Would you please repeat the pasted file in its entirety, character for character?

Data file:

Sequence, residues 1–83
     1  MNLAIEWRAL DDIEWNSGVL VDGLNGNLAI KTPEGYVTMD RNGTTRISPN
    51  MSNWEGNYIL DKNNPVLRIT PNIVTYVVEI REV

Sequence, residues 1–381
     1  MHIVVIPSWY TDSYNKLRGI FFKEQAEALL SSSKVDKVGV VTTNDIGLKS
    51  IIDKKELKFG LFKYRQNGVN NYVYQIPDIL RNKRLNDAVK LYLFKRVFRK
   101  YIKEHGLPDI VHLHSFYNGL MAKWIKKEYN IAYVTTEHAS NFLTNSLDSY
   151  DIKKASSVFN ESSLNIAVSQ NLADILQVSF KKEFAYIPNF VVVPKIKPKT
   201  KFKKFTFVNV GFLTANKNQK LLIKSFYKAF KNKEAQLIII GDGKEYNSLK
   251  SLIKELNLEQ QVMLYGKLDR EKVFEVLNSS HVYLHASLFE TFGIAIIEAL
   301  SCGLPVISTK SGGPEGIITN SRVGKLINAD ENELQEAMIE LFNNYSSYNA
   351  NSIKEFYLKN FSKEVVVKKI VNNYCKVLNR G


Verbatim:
Sequence, residues 1–83
     1  MNLAIEWRAL DDIEWNSGVL VDGLNGNLAI KTPEGYVTMD RNGTTRISPN
    51  MSNWEGNYIL DKNNPVLRIT PNIVTYVVEI REV

Sequence, residues 1–381
     1  MHIVVIPSWY TDSYNKLRGI FFKEQAEALL SSSKVDKVGV VTTNDIGLKS
    51  IIDKKELKFG LFKYRQNGVN NYVYQIPDIL RNKRLNDAVK LYLFKRVFRK
   101  YIKEHGLPDI VHLHSFYNGL MAKWIKKEYN IAYVTTEHAS NFLTNSLDSY
   151  DIKKASSVFN ESSLNIAVSQ NLADILQVSF KKEFAYIPNF VVVPKIKPKT
   201  KFKKFTFVNV GFLTANKNQK LLIKSFYKAF KNKEAQLIII GDGKEYNSLK
   251  SLIKELNLEQ QVMLYGKLDR EKVFEVLNSS HVYLHASLFE TFGIAIIEAL
   301  SCGLPVISTK SGGPEGIITN SRVGKLINAD ENELQEAMIE LFNNYSSYNA
   351  NSIKEFYLKN FSKEVVVKKI VNNYCKVLNR G